Traveling to China during Covid-19: What you need to know before you go

Editor’s Note — Coronavirus cases remain high across the globe. Health officials caution that travel increases your chances of getting and spreading the virus. Staying home is the best way to stem transmission. Below is information on what to know if you still plan to travel, last updated on May 28.

(CNN) — If you’re planning a trip to China, here’s what you’ll need to know and expect if you want to visit during the global coronavirus pandemic.

The basics

The Covid-19 pandemic started in China’s Wuhan province, but early and strict lockdowns means the country has got it under control. However, most visitors are not yet allowed entry.

What’s on offer

This is of course one of the world’s greatest ancient civilizations. China brought us papermaking, printing, and, of course, tea. Its many dynasties have left their marks in world-famous heritage sites, such as the Great Wall, the Terracotta Warriors of Xian, and ancient towns such as Lijiang. But it’s also thoroughly modern, with mushrooming cities and skyscrapers pricking the clouds.

Who can go

China closed its borders to nearly all travelers in March 2020, when the pandemic started spreading throughout Europe.

On March 15, 2021, restrictions were eased for a select number of travelers from 23 countries. Those coming for work or for humanitarian reasons — such as reuniting with family — can apply for visas, as can holders of the APEC Business Travel Card. Residents may also return. All categories, however, must have been vaccinated with Chinese-made vaccines at least 15 days earlier.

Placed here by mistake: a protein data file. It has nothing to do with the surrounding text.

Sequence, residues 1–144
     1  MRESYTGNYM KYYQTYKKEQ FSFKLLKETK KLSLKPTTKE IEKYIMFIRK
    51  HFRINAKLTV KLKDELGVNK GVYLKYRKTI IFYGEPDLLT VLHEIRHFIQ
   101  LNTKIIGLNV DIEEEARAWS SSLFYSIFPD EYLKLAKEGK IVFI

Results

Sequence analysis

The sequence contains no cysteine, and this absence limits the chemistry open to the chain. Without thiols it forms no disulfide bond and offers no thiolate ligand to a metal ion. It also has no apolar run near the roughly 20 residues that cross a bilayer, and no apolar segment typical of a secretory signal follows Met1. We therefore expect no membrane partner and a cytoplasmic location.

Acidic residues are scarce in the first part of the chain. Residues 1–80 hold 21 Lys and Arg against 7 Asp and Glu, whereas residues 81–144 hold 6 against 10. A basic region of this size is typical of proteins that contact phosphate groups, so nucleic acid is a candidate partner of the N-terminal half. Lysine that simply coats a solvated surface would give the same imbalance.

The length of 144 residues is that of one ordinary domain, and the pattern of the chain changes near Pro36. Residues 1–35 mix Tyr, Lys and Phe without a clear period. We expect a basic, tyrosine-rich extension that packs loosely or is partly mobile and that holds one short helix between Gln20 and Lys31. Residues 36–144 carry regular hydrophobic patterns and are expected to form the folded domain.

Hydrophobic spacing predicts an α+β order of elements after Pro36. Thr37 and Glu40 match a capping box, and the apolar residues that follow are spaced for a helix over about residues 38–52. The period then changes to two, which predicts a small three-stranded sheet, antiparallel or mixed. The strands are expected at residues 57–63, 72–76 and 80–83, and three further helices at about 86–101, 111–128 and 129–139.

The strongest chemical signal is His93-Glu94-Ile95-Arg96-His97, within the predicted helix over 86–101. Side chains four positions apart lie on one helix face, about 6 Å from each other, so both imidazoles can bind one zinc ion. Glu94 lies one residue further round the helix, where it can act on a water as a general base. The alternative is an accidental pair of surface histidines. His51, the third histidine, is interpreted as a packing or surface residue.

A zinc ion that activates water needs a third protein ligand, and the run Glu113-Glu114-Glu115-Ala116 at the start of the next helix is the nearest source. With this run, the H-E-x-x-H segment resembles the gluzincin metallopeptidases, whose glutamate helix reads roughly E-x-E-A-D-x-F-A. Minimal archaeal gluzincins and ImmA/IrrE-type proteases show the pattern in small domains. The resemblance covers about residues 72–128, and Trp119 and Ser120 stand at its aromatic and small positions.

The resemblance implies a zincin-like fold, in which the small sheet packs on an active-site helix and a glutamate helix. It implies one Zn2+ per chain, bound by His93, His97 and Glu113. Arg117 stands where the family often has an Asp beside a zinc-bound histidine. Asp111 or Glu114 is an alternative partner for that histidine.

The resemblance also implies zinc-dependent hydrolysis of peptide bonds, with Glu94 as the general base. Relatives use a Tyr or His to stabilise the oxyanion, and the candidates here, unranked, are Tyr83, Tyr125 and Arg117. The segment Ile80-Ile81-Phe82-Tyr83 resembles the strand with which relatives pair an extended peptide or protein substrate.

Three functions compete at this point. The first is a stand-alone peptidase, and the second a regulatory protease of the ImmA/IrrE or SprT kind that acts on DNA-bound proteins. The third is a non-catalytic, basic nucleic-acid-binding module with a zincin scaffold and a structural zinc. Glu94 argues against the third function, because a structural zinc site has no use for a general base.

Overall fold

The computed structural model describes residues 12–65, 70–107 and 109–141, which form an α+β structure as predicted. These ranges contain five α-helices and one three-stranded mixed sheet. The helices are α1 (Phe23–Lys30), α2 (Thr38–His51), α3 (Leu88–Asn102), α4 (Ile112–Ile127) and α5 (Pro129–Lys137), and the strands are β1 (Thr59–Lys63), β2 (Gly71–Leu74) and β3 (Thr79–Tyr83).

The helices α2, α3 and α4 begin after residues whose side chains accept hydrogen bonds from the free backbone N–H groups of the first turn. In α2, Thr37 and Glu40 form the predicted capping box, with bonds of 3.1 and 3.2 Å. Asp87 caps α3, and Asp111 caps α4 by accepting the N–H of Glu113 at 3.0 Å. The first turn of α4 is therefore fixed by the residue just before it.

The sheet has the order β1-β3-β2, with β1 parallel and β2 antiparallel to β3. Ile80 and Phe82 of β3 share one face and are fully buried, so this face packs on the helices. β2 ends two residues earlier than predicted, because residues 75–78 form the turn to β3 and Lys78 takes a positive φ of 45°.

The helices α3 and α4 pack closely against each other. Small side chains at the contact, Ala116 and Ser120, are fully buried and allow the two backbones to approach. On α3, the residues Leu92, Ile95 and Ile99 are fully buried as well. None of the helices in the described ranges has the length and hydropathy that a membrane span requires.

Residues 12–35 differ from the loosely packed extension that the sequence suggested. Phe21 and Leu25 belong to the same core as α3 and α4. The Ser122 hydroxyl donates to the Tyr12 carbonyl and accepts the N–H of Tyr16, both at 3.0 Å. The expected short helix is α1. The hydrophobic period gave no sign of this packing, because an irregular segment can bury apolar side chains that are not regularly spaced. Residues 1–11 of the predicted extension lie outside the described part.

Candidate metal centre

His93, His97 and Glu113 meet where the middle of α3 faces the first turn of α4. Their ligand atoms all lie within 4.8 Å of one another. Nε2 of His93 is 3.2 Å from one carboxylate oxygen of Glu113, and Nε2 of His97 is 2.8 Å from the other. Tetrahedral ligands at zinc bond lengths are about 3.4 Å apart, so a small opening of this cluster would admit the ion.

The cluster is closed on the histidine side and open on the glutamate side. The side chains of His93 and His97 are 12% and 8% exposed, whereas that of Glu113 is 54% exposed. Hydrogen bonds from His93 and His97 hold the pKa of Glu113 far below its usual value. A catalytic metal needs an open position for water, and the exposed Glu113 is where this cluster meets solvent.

China already has a Fast Lane agreement with Singapore, allowing business travelers. Business travelers from South Korea are also allowed in.

Government officials have stated that their goal is to have 40 percent of Chinese citizens vaccinated by June. As of May 20, 400 million people in the country had been vaccinated, with 100 million of them getting the shots in a nine day window. That puts China well ahead of the United States and United Kingdom for total number of inoculations.

Despite rumors that the country would only grant travel visas to people who had gotten the China-created Sinovac vaccine, the Chinese embassy in the United States confirmed on April 20 that travelers with confirmed history of vaccines from Pfizer-BioNTech, Moderna and Johnson & Johnson vaccines would also be eligible.

What are the restrictions?

All travelers must present two negative tests — PCR and antibody tests — taken within 48 hours of travel.

For the newly qualified entrants, entry depends on having received two doses of Covid-19 vaccines at least 14 days prior to entry. They must apply for a visa in advance, and show their proof of vaccination on arrival, as well as the negative tests.

Arrivals are screened once more at the airport. Those failing the checks will be sent to government facilities. You must then quarantine on arrival. Some regions demand 14 days; others, 21. This might take place at a government facility or at your home.

What’s the Covid situation?

China has reported 102,925 cases and 4,846 deaths as of May 28, 2021.

Mainland China reported two local Covid-19 cases in eastern Anhui province on May 13, according to a statement by the National Health Commission.

Two areas in Lu’an city and one area in Feixi county were declared “medium-risk” areas following the new infections.

Beijing-based CanSino Biologics has announced it is beginning clinical trials for a Covid vaccine nasal spray.

What can visitors expect?

Life is largely back to normal, but things can change fast in China — regional lockdowns have been imposed every time there are new outbreaks of the virus, most recently in an area near Beiijng. The capital was placed on partial lockdown in January.

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CNN’s Julia Buckley and Lilit Marcus contributed to this report

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